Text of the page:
A newly approved court initiative will help Northland veterans access treatment for chemical dependency and mental health issues, officials said Wednesday.

The South St. Louis County Veterans Court earned an official seal of approval from the Minnesota Judicial Council last week, joining the expanding number of specialty court programs that strive for rehabilitation over incarceration.

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The initiative, which started in an unofficial capacity in 2014, is a partnership between the 6th Judicial District, St. Louis County, the U.S. Department of Veterans Affairs and other organizations that support veterans and their families.

"The goal of the program will be to ensure veterans receive the help and assistance they are owed, receive treatment for their chemical and mental health issues, and leave the program sober, law-abiding, and in a stable living condition," the Minnesota Judicial Branch reported in a news release.

The five-phase program will accept veterans charged with misdemeanors and felonies who are deemed to be in high need of services or of high risk to reoffend.

Like other speciality courts, it involves treatment assessments, regular court appearances, intensive supervision, random drug and alcohol testing, and the use of sanctions and rewards as participants progress through the program.

The court is presided over by 6th Judicial District Judge Dale Harris, who brings experience as a Navy judge advocate and a reserve judge on the Navy-Marine Corps Court of Criminal Appeals in Washington, D.C.

"Our nation, our state and our community owe a great debt to the veterans who have served our country," Harris said. "Veterans treatment courts are proven tools that ensure our veterans receive the help they need when struggling with addiction or mental illness, while holding them accountable for their actions and their recovery. I'm proud that our community has come together to launch this important program that demonstrates our commitment to our military veterans."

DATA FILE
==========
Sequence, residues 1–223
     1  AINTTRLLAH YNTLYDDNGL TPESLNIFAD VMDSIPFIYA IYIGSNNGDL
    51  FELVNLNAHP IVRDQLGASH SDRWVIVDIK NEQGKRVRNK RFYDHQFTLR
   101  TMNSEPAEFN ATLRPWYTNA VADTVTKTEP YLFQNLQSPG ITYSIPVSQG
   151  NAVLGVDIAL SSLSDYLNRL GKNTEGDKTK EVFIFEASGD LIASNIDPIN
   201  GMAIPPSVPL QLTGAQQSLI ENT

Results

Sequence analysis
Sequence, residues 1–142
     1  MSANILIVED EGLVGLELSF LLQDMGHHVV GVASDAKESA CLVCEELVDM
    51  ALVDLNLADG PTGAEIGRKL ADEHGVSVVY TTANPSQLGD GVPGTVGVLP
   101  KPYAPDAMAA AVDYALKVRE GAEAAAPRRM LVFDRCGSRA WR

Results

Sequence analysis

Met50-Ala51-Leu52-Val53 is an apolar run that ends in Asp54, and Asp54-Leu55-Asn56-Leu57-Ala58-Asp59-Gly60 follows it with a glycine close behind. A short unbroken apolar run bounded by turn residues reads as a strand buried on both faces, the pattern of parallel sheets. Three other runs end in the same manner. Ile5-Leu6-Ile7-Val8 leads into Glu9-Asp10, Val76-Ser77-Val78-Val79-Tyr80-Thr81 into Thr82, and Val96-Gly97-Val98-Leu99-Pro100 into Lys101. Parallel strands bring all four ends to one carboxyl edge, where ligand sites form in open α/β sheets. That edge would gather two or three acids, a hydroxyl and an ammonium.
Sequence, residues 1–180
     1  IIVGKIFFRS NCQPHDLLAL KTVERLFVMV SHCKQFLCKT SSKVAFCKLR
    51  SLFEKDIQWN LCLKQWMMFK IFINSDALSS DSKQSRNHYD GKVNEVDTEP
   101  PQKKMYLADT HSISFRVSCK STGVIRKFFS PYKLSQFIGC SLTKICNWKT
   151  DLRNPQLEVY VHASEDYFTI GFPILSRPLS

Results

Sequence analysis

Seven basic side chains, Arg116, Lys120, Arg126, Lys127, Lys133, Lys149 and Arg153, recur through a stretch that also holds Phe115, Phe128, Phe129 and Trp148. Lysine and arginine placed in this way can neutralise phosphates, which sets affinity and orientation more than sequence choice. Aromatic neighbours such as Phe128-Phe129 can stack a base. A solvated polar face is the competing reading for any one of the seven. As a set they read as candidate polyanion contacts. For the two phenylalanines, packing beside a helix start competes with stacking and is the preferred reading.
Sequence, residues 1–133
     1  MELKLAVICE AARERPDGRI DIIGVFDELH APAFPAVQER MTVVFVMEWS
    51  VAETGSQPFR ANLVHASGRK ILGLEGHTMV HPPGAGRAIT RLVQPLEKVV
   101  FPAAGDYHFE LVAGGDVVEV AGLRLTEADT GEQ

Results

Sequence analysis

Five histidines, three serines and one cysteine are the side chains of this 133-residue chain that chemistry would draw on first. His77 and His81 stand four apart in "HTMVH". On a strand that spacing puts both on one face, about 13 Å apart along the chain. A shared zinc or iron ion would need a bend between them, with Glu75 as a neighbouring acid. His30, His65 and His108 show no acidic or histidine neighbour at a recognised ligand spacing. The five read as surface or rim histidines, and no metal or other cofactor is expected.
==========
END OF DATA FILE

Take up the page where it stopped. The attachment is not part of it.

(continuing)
The court actually has operated in an unofficial capacity since early 2014, maintaining a regular calendar to meet with participants at the recommendation of the Minnesota Assistance Council for Veterans.

The initiative has operated with a small contribution from the 6th Judicial District and by sharing a coordinator with two local drug courts. Officials in 2016 began the process of seeking certification, which requires adherence to national standards and best practices, as well as required training for the judge and program staff.

The approval will allow court and county officials to pursue ongoing state funding and apply for a grant from the U.S. Department of Justice's Bureau of Justice Assistance, with the goal of hiring a dedicated program staff.

There are approximately 10,000 veterans in the southern portion of St. Louis County, according to the news release.

Treatment courts have increasingly emerged across the region and the state, with officials touting them as an effective measure to achieve long-term cost savings in the criminal justice system, reduce recidivism among participants and lead to higher rates of employment, stable housing and education.

The Duluth courthouse already maintains formal drug, DWI and mental health courts, along with an unofficial program for homeless defendants. Speciality courts also have been established on the Iron Range and in Carlton and Cook counties.

The announcement brings the first veterans court to Northeastern Minnesota. Similar programs have been established in six other locations across the state since 2010.